By Robert Timmons                                                                                                                                                                                         Fort Jackson Public Affairs

Soldiers and civilians came to the Solomon Center Aug. 25 to give the gift of life – blood.

200825-A-ZN169-070.jpgThey were participating in a Community Blood Drive hosted by Fort Jackson and the American Red Cross.

Lt. Col. Lisabeth Bush, deputy commander of clinical services at Moncrief Army Hospital Clinic, one of many who donated blood, said she was donating it because she knows “people need it.”

“One night when I was a resident, I ran 40 units of blood to keep a woman alive,” Bush said. “So one of my goals, in my lifetime, is to make up those 40 units.”

For William Sexton, fire inspector and Fort Jackson’s American Red Cross Blood Drive leader, donating blood was the least he could do.

“There is a great need for blood in the community,” he said. “Potentially my blood can help save up to three people’s lives.”

Donations are used for multiple patients with various conditions when separated into its components – red blood cells, platelets and plasma. Plasma can also be effective in helping treat COVID-19.

According the Red Cross roughly 36,000 units of red blood cells, 7,000 units of platelets and 10,000 units of plasma are needed every day in the U.S., while roughly 21 million blood components are transfused each year in the U.S.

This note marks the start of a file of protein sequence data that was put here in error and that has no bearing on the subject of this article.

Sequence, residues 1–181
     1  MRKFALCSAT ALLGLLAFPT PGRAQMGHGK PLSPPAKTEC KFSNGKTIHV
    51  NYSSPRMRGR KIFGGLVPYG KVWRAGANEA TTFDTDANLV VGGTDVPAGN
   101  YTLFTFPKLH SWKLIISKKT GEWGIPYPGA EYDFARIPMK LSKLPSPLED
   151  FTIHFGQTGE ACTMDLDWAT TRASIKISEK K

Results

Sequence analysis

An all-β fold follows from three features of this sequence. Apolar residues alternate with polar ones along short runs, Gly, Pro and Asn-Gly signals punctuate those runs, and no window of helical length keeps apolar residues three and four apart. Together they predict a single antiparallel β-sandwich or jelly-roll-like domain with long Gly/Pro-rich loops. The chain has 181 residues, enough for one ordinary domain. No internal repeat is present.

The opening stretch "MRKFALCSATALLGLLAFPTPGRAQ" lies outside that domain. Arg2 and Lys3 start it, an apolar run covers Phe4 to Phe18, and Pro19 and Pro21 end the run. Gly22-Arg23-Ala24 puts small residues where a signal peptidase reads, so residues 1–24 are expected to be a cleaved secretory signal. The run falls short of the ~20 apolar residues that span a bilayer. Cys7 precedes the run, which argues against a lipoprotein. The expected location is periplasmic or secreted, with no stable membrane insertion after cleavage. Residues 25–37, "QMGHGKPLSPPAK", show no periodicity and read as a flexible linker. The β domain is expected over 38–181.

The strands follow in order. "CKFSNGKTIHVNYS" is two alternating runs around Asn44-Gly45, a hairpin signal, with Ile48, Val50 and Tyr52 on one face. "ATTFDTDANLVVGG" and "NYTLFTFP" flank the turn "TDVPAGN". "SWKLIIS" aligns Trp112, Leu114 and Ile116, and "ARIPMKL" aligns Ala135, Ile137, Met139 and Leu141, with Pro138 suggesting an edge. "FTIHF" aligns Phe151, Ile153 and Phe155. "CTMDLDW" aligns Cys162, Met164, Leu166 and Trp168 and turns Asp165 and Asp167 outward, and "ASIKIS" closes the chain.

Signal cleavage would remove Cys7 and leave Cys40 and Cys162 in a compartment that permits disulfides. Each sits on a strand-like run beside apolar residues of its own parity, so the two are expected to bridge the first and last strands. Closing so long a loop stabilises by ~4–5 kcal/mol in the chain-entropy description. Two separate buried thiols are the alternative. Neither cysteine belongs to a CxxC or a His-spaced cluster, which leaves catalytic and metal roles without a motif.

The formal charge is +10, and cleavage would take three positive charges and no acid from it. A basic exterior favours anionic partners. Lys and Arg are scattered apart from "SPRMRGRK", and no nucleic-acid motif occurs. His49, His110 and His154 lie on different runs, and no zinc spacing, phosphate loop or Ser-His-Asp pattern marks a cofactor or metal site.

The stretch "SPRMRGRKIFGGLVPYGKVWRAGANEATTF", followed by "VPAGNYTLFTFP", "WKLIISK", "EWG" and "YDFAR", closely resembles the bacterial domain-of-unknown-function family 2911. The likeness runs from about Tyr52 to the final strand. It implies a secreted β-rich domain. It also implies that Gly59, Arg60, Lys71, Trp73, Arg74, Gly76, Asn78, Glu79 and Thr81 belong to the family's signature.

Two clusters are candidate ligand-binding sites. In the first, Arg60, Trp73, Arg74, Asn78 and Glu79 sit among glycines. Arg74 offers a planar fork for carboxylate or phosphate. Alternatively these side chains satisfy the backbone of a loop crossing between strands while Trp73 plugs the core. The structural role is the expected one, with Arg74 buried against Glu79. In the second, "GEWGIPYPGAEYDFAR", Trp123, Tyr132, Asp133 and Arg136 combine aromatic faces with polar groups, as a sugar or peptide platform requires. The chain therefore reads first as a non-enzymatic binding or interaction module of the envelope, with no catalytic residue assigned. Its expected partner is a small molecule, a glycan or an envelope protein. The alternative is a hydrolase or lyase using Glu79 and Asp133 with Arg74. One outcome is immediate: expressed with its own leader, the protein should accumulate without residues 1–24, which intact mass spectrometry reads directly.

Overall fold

Sexton got involved with donating blood during his military career.

“I was encouraged to by older people to donate,” he said. “It’s just an easy thing to do. You find a blood drive, make an appointment and show up. There are countless blood drives happening every day all over the county.”

“It’s a very minor needle prick,” he said as he laid back while donating. It’s good to know ‘that blood you give is live. You can certainly save several lives by donating.”

Sexton said his job as a firefighter encourages him to donate.

I have seen firsthand some tragic events that have happened to people, he said. “Every three seconds there are people in the United States who need blood, be it through accidents, some sort of disease or cancer.”

My job as a firefighter “instills in me the need to continue donating blood and to encourage others to do it.”

For more information on giving blood visit

(Cutline: William Sexton, Fort Jackson fire inspector, squeezes his fist while donating blood. ‘It’s a very minor needle prick,’ he said. ‘That blood you give is life. You can certainly save lives by donating.’ (Photo by: Robert Timmons))